Two whole top tissue samples were taken, one from the control plot and the other from an area in the trial where a chaff line was burnt four days pre plant, at Incitec Pivot Fertilisers’ Millvale grazing wheat trial in 2018. Table 2 shows the detailed analysis of the nutrient content from those two tissue tests. The K:Na ratio was 460 or 500 to 1, compared with an implied required ratio of 5-7 to 1 (Dove et al, 2009).



As sulphur (S) is a dynamic nutrient which can come into the soil pool through mineralisation during the season and is mobile in soils, it should be included in the deep N sampling program.

In most areas, 0-10 cm sulphur levels are more than adequate for cereals. The KCl-40 S critical soil test values of 2.4 to 3.2 mg kg–1 can be used widely on soil types where soil sulphate is not leached during the growing season.  

When KCl-40 S critical soil test values are less than 31.0 kg ha when using a sampling depth of 60 cm, for canola grown in NSW (Geoffrey et al, 2013) canola may respond to the application of sulphate sulphur.

For more information and advice about fertiliser programs for grazing cereal and canola crops this season, please contact me on 0427 006 047 or email



Acevedo E, Silva P and Silva H (2002) ‘Wheat growth and physiology’, in Curtis BC, Rajaram S and Gomez Macpherson H (eds) (2002) Bread wheat improvement and production, Food and Agriculture Organization of the United Nations, Rome. 

Rodriguez D, Andrade FH and Goudriaan J (1999) Effects of phosphorus nutrition on tiller emergence in wheat. Plant and Soil 209, 283-295.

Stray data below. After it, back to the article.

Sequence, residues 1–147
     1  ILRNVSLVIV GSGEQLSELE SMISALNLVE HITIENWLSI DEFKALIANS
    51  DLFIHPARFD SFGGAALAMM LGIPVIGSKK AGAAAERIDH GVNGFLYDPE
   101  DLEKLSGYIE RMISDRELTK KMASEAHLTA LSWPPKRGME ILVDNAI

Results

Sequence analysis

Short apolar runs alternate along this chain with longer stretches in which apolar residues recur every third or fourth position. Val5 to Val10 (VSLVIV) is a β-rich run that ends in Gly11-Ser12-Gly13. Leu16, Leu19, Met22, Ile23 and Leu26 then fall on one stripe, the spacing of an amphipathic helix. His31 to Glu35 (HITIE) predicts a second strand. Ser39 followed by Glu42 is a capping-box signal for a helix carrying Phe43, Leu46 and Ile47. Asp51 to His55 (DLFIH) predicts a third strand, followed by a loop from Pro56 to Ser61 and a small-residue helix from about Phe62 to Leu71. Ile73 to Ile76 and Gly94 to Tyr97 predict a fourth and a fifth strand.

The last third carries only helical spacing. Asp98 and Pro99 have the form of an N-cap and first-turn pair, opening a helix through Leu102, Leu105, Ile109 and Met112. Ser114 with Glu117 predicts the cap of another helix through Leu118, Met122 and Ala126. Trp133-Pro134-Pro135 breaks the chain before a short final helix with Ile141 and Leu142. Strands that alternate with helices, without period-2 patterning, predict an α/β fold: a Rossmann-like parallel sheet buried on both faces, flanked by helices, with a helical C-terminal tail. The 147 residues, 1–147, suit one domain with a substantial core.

Facelli E, Peirce C, McBeath T, McLaughlin MJ (2016) Foliar phosphorus 'top-ups' deliver inconsistent wheat growth responses GroundCover™ Supplement Issue: 123, 04 Jul. 

Peverill K, Conyers M, Reuter D and Norton R. (2013) Making better fertiliser decisions for cropping systems in Australia. Crop & Pasture Science Vol 64, Issue 5:417-547.

Kirkegaard K, Sprague S, Lilley J, Bell L and Swan T (2019) Maximising systems benefits from dual-purpose crops – early sowing and grazing strategies. GRDC Grower Update, Coolah.

Schwenke GD, Manning M and Haigh BM (2014) Ammonia volatilisation from nitrogen fertilisers surface applied to bare fallows, wheat crops and perennial-grass based pastures on Vertosols, Soil Research, 52, 805–821.

Brennan RF and Bell MJ (2013) Soil potassium—crop response calibration relationships and criteria for field crops grown in Australia Crop & Pasture Science, 64, 514–522.

Dove H and McMullen KG (2009) Diet selection, herbage intake and liveweight gain in young sheep grazing dual-purpose wheats and sheep responses to mineral supplements. Animal Production Science, 49.

Anderson GC, Peverill KI and Brennan RF (2013) Soil sulfur –crop response calibration relationships and criteria for field crops grown in Australia Crop & Pasture Science, 64, 523–530.

Laycock J, Mason S, Norton R and Sandral S (2022) Balancing risk and reward with high phosphorus and nitrogen input costs. GRDC Grower Update, Northern Region 2022.

Turner DA et al. (2010) Determination and mitigation of ammonia loss from urea applied to winter wheat with N-(n-butyl) thiophosphorictriamide. Agric. Ecosyst. Environ. doi:10.1016/j.agee.2010.02.011.


This is a guide only, which we hope you find useful as a general tool. While Incitec Pivot Fertilisers has taken all reasonable care in the preparation of this guide, it should not be relied on as a substitute for tailored professional advice and Incitec Pivot Fertilisers accepts no liability in connection with this guide. 
Incitec Pivot Fertilisers manufactures and sources fertilisers from other suppliers. The fertiliser supply chain extends beyond the company’s direct control, both overseas and within Australia. Incitec Pivot Fertilisers hereby expressly disclaims liability to any person, property or thing in respect of any of the consequences of anything done or omitted to be done by any person in reliance, whether wholly or in part, upon the whole or any part of the contents of this article.